oa Comparative and International Law Journal of Southern Africa - 'Torture-lite' in the 'wild zone of power'
This article explores the international law obligations that prohibit torture so to investigate the variety of so-called 'torture-lite' techniques often used during interrogation. More particularly, it examines the specific obligations that states bound by these sources of law bear, and whether there is any merit in the distinction drawn in some treaties between torture, and cruel, inhumane or degrading treatment. What international tribunals and treaty-monitoring bodies have had to say about these specific 'torture-lite' methods of interrogation, whether they constitute a breach of international legal obligations, and whether these obligations are altered as a result of the location of the conduct is considered. In conclusion I offer some critique of the rationality of the interrogative purpose in light of the reality within the 'wild zone of power', and suggest some thoughts on the way forward for the human rights project of prohibiting torture, in light of what can and does occur in this 'wild zone of power'.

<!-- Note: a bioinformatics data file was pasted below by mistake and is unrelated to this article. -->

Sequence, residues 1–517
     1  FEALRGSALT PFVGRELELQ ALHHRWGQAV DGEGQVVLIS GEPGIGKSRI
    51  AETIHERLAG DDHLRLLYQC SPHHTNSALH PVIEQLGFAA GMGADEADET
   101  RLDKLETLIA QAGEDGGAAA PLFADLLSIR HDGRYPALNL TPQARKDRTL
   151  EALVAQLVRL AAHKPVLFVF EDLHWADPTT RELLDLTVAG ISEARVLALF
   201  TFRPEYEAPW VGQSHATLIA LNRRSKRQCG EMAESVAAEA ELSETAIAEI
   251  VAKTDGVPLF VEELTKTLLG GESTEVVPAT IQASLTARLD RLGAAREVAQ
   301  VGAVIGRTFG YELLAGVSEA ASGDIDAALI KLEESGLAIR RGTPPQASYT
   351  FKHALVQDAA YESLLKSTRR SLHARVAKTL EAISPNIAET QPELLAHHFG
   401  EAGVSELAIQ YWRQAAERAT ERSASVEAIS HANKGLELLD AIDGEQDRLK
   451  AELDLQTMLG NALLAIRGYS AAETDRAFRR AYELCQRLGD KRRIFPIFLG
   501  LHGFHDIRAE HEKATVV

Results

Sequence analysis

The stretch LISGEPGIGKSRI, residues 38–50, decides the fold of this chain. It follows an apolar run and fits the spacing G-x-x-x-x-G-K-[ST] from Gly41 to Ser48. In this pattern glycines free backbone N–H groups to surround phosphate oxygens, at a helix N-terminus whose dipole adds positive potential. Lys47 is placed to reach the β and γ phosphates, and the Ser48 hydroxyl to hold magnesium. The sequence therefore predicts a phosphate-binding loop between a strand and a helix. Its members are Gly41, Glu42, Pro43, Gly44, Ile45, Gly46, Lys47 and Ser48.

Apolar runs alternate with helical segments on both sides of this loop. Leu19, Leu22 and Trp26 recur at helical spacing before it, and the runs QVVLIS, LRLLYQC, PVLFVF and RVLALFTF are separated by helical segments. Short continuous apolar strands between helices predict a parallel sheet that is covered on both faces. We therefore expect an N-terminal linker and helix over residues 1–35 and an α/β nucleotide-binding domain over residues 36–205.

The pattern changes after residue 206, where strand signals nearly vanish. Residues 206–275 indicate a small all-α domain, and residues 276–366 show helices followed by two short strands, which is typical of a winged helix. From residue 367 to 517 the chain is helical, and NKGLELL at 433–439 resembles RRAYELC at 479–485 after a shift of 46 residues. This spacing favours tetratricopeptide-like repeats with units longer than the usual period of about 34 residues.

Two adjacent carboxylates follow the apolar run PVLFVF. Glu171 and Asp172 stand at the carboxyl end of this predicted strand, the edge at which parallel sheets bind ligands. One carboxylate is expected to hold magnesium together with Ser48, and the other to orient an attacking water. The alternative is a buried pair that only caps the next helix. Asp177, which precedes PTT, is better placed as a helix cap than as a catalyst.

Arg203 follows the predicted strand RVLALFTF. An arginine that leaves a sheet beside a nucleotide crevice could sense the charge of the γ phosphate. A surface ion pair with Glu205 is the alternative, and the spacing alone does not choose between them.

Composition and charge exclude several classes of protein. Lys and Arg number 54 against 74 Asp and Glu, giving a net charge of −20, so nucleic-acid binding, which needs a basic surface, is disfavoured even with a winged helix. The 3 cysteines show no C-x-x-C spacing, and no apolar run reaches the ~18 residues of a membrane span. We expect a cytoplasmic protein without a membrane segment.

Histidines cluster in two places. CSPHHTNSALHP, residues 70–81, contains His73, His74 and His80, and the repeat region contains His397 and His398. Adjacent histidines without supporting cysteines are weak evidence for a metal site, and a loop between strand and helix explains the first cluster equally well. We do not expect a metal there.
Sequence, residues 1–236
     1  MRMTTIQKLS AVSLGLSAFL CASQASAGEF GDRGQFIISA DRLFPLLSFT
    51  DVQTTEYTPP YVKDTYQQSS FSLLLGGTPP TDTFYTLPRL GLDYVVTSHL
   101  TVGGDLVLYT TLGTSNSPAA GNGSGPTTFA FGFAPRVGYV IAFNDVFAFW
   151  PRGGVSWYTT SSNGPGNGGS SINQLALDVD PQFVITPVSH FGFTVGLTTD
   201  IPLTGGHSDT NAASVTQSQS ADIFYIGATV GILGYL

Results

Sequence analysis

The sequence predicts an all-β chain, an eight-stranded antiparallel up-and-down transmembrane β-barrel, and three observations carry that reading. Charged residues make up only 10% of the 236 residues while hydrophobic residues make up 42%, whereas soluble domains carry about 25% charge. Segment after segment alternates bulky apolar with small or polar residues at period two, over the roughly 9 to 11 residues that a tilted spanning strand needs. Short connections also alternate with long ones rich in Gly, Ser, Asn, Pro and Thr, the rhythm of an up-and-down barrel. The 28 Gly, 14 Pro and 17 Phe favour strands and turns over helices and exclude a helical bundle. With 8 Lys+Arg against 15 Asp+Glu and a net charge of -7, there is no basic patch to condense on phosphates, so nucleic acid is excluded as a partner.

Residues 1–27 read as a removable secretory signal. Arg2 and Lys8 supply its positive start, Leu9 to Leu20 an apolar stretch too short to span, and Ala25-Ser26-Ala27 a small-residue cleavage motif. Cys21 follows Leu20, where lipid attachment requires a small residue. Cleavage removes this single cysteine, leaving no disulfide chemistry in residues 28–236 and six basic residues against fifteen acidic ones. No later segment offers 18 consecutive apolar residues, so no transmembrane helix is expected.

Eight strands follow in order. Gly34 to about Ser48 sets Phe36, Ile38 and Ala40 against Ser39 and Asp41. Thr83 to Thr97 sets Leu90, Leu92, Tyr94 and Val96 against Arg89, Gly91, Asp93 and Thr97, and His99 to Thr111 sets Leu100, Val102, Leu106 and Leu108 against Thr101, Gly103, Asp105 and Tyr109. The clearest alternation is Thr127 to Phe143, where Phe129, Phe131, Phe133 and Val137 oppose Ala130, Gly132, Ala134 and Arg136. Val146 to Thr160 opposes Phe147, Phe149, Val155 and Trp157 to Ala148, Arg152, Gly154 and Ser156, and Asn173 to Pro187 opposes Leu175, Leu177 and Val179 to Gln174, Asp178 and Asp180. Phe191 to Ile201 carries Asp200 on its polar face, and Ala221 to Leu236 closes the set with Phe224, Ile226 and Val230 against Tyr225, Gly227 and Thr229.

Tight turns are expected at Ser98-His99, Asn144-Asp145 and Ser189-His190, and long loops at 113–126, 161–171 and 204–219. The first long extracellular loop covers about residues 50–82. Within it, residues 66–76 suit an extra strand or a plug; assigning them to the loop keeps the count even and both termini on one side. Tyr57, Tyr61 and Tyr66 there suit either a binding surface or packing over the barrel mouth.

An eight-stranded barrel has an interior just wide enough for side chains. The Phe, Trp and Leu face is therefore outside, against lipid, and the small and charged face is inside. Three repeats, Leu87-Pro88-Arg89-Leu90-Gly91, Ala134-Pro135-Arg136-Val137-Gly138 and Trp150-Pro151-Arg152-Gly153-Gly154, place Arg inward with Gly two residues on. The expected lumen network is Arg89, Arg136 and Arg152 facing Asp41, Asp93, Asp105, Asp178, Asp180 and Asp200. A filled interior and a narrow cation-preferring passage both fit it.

Article metrics loading...